Scam artists are constantly coming up with new ways to fool you. (ddp)

According to the IRS, thousands of people have lost millions of dollars and their personal information to tax scams. Scammers use the regular mail, telephone, or email to set up individuals, businesses, payroll and tax professionals.

Keep in mind that the IRS doesn'tinitiate contact with taxpayers by email, text messages or social media channels to request personal or financial information. But that doesn't mean that scammers won't try anyway.

Here are a few examples of sophisticated tax scams:

  • Scammers send emails posing as the IRS, tax preparers or “Offer in Compromise” companies by spoofing emails and using stolen logos. Any personal information you provide is used to steal your identity.
  • Scammers may pose as the IRS pressuring you to pay outstanding tax debts immediately or they may claim they can help settle tax debts for “pennies on the dollar” and insist there is a limited window in which to act.
  • Scammers send out emails advising a tax return has already been filed on your SSN, an account has been opened in your name, or you receive a tax transcript you did not request in an attempt to collect your personal information.
  • Similar to the scams above, the bad guys send look-alike emails containing hyperlinks that lead you to malicious websites or fake PDF attachments that download malware or viruses to your computer.
  • Tax scams aren’t limited to emails! Be on the lookout for calls or text messages impersonating the IRS claiming you have an outstanding balance that must be paid immediately. The bad guys typically threaten arrests, deportation, or suspension of business or driver’s license.

These are only a few examples and these scam artists are constantly coming up with new ways to fool you. Monitor the IRS web page on tax scams for more information.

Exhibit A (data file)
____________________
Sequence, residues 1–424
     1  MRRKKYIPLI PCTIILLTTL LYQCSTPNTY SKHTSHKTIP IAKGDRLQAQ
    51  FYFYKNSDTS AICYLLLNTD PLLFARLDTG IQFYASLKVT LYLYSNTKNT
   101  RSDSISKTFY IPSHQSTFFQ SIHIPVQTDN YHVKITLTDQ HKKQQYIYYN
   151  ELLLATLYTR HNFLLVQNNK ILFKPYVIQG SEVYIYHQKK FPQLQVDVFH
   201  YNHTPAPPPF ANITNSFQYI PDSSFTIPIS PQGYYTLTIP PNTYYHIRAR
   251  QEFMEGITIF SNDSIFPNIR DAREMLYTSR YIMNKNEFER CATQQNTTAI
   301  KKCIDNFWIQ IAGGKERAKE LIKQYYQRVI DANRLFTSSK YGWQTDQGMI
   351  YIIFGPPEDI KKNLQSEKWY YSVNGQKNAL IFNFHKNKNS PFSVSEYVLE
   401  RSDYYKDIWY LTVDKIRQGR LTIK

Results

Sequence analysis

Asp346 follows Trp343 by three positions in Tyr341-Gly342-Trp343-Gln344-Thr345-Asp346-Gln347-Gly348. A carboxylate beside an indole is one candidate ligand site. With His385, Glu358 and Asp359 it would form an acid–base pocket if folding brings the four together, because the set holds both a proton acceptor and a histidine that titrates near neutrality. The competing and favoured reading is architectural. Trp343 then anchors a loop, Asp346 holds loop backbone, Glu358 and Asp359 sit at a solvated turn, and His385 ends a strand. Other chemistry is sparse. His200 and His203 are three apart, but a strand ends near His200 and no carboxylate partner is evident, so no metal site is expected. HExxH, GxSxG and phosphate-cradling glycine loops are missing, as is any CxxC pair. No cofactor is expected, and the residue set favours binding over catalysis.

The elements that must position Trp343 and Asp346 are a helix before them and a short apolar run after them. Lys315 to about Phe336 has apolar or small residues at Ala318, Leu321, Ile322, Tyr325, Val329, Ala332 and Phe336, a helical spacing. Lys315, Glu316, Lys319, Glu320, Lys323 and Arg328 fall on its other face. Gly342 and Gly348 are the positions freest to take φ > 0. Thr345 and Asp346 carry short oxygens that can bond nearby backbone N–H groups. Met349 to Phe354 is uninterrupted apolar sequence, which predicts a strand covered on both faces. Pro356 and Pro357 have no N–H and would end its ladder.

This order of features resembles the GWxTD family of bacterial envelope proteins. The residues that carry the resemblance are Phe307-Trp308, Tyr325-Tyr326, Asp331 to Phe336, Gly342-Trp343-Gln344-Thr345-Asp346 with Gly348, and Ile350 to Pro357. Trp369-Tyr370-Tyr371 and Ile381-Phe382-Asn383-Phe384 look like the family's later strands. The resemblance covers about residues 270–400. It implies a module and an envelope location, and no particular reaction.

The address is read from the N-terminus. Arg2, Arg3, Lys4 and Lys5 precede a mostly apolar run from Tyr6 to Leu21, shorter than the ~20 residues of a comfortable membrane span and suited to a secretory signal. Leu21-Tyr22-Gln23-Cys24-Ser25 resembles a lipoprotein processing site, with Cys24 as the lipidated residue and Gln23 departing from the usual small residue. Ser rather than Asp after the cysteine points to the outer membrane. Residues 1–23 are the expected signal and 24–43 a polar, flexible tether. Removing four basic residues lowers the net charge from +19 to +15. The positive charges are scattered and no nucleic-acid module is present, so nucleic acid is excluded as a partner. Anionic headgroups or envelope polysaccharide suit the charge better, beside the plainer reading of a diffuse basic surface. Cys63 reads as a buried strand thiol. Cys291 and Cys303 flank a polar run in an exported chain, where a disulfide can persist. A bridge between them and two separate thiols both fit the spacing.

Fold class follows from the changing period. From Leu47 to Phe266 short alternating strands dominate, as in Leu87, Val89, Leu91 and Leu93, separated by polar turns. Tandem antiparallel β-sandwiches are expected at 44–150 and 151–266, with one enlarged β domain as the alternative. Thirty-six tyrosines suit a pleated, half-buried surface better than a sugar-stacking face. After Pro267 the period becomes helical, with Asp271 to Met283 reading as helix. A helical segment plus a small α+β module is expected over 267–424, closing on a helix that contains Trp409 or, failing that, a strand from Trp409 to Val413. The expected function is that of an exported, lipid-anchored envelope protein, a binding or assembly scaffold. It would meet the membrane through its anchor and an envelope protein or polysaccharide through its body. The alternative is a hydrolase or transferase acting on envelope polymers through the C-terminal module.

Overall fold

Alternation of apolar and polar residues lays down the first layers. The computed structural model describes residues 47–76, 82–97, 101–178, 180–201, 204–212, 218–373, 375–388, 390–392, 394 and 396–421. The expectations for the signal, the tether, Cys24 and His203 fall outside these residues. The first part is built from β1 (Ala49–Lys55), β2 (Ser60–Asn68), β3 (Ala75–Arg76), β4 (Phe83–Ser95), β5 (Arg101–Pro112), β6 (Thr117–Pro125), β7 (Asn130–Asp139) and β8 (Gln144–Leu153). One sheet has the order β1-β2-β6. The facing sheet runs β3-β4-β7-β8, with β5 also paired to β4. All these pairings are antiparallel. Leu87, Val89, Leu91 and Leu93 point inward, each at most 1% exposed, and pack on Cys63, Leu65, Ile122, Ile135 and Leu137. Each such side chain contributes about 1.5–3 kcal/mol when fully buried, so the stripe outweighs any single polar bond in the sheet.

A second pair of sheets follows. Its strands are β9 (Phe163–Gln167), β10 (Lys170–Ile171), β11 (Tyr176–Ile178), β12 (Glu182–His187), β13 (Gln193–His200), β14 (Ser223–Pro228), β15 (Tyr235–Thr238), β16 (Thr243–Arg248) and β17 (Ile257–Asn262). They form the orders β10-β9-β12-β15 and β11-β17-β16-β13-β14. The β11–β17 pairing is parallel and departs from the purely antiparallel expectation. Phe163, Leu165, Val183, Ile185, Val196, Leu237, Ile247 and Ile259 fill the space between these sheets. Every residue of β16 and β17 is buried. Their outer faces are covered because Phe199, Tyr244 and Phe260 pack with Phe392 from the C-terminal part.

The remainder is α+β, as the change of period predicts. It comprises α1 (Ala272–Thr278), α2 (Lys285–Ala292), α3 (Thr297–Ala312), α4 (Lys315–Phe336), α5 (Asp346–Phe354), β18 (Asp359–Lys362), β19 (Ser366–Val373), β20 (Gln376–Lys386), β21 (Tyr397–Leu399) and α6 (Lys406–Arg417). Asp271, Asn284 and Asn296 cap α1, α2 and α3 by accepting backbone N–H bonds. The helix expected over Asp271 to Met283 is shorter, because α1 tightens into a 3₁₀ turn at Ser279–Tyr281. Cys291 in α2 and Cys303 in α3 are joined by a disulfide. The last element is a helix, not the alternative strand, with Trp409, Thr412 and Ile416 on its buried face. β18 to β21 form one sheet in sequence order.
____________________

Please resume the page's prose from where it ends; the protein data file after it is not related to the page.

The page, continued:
How to protect yourself?

Always remember the following during tax season, and all year long:

  • The IRS will always mail a bill before calling you about taxes due. The IRS does not use emails or text messages to discuss tax matters.
  • The IRS will never immediately threaten to arrest you or ask for credit or debit card numbers over the phone.
  • The IRS will not demand taxes be paid without giving taxpayers the opportunity to question or appeal the amount owed, or call unexpectedly about a tax refund.
  • Minimize personal information shared on Social Media.
  • Keep your devices up to date with the latest software updates, change passwords frequently, and never ever open a file or click on a link from an untrusted source.
  • Store tax documents and other sensitive information in a secure location. Do not leave them in a web based email account.
  • Only share sensitive data over email when there is no other alternative, and you’re certain the recipient is valid.

Maximize your return this tax season by staying alert to these scams and protecting your personal identity.

UBS is committed to keeping our clients' information safe. We have specialist teams working day in and day out to safeguard our clients' banking data, commercial information and financial assets.

Please note that this item is approved for use with clients and prospects

(For Public Distribution)

Expiration: 3/31/24

Approval date: 3/15/2023

Review Code: IS2301703